- Diversity, Equity, and Inclusion
There’s No Stopping Pitt Volunteers
During this year’s National Volunteer Week (April 18-24), the staff at Pitt Serves is coordinating activities to keep the Pitt community busy.
And even throughout the pandemic, Pitt Serves Assistant Director Shenay Jeffrey said there has been an enthusiastic turnout of student volunteers. Popular projects have ranged from assisting at food banks to virtually tutoring Pittsburgh Public School students at the United Way Learning Hubs. Some 1,500 students participated in last October’s Civic Action Week.
Senior Eric Chiu, a health and rehabilitation sciences major, likes to volunteer at Pittsburgh’s urban farms. He created dried soup packets at Manchester’s Growing Together Farm and cleared land and built planting beds at farms in the East Liberty, Hazelwood and Mt. Oliver neighborhoods. Through TreeVitalize Pittsburgh, Chiu helped plant hundreds of trees along the North Shore and directly in front of Heinz Field.
“There’s something uniquely rewarding about volunteering in a hands-on labor-intensive project like gardening,” said Chiu. “When the project is finished, you can always sense a feeling of accomplishment and optimism in the group which is an amazing experience.”
Pitt’s Office of Community and Governmental Relations has gathered a list of featured opportunities taking place this week, including crafting no-sew blanks for children in the hospital, making phone calls with Vaccinate PA and special Earth Day activities. They’ll also be sharing profiles of Pitt people in action.
Junior Samantha Huynh, another health and rehab major, also prefers the outdoors and enjoys helping Friends of Southside Parks. Her favorite part? “To connect quickly with a stranger who is also passionate about serving.”
Another popular activity for students throughout the pandemic was tutoring—assisting students from the Northside, Hazelwood, Homewood and other neighborhoods with math, science and other subjects. Through that work, Jeffrey noted the students were able to see firsthand how direct volunteering may even impact policy. For example, the students were able to see just how many households in some neighborhoods lacked internet access.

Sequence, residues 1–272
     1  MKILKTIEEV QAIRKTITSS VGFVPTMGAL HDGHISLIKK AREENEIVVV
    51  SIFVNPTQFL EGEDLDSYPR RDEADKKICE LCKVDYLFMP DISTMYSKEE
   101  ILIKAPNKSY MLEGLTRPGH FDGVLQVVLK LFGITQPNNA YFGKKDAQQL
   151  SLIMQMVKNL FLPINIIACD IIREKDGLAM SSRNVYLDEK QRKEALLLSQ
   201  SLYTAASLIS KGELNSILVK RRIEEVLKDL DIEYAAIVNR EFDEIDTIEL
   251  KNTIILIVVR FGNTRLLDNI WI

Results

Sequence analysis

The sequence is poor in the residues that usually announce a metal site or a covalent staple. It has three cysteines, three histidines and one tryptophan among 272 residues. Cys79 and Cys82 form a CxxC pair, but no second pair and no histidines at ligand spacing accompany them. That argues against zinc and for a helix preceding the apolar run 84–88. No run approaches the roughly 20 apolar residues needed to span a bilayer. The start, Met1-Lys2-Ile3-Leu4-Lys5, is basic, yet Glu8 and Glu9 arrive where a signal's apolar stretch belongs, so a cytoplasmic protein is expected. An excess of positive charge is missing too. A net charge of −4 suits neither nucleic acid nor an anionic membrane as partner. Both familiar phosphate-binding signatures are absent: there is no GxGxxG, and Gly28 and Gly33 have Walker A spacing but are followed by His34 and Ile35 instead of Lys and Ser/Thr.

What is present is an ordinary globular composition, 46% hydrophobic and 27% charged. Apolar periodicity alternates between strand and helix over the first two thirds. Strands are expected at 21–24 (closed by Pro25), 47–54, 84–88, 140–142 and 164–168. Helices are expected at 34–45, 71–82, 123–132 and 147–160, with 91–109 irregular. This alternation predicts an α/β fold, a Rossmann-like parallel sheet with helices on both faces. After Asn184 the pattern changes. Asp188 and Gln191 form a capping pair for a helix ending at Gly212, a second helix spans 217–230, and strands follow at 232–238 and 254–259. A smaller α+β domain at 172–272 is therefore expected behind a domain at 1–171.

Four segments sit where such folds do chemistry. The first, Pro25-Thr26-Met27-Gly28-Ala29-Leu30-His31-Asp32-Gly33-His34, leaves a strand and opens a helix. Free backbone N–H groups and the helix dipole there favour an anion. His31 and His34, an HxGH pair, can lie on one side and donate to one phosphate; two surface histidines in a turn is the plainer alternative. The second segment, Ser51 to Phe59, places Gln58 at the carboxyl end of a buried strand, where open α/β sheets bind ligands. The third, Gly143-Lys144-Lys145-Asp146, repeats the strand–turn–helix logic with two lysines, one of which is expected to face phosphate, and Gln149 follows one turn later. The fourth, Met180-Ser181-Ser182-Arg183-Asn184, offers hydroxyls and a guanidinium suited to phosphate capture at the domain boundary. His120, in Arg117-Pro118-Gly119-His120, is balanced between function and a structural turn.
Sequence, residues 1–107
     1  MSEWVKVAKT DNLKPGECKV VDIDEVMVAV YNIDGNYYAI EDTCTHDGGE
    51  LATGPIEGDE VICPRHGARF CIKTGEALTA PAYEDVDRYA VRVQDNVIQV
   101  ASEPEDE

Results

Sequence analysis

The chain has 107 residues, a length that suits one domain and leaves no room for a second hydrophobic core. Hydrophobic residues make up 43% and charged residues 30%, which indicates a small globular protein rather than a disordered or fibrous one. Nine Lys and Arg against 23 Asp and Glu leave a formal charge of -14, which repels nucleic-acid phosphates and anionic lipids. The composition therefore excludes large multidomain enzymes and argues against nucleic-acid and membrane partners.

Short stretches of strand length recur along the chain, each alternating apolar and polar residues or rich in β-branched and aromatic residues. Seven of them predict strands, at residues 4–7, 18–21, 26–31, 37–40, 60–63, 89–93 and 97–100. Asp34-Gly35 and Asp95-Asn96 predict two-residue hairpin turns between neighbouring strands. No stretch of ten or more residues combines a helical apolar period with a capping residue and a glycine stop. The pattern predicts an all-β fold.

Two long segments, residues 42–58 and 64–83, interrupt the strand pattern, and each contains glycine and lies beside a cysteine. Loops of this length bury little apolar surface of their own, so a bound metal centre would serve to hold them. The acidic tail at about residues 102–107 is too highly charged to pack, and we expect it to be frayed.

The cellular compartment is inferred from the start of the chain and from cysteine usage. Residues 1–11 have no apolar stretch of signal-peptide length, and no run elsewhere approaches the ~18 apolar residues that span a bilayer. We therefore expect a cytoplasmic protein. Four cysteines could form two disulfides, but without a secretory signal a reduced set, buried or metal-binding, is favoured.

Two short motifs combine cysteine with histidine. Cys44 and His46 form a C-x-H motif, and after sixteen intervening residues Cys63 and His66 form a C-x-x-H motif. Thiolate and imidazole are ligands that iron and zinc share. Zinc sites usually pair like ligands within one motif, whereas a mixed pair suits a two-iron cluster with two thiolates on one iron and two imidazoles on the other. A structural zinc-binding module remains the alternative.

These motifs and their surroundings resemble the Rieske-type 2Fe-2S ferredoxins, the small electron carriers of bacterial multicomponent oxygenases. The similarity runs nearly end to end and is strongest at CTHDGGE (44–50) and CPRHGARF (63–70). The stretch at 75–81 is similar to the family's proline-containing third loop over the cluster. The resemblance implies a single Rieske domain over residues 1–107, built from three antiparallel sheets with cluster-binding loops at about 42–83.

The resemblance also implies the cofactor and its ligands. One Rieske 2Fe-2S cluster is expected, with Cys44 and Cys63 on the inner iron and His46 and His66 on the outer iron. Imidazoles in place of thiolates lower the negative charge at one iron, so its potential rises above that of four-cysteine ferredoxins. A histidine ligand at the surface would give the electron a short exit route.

“Our student volunteers could learn and grow right alongside the community and see the resilience and strength of the people,” she said. Jeffrey said volunteering during a public health crisis says a lot about how humans respond to one another. “The pandemic heightened what was already there,” she said.
Faculty and staff contributions
More than 800 Pitt faculty and staff members began calling last spring to participate in the Pitt Pandemic Service Initiative, an institution-wide effort to fill the gaps of unmet needs.
Alex Toner, assistant director of community engagement in the Office of Community and Governmental Relations, said volunteers stepped up to take part in more than 30 opportunities.
“They leveraged big hearts and broad expertise,” he said.
Toner said the pandemic has reminded the Pitt community of how important service is to our mission. “It’s highlighted how necessary it is to strengthen and deepen our commitment to working with community partners to address challenges that simply won’t go away when everyone is vaccinated,” he said.
In fact, Toner thinks even more Pitt staff and faculty volunteers will be needed after the pandemic ends. He encourages the Pitt community to subscribe to the Pitt in Action newsletter and to continue to take part in a “culture of service across the Pitt campus.”
Just some of the faculty and staff efforts:
- An initiative called Beyond the Laptops, in which Pitt donated 599 laptops and funding to help provide families with tech devices.
- A full-time Community Tech Help Desk for the region which offered free assistance and was staffed by 30 volunteers.
- Work by Community Engagement Fellows and students from the School of Social Work who fanned out across Homewood, providing tech assistance and help with remote learning.
- Helping Farmers to Families distribute some 6,000 pounds of food across six sites in Allegheny County last fall.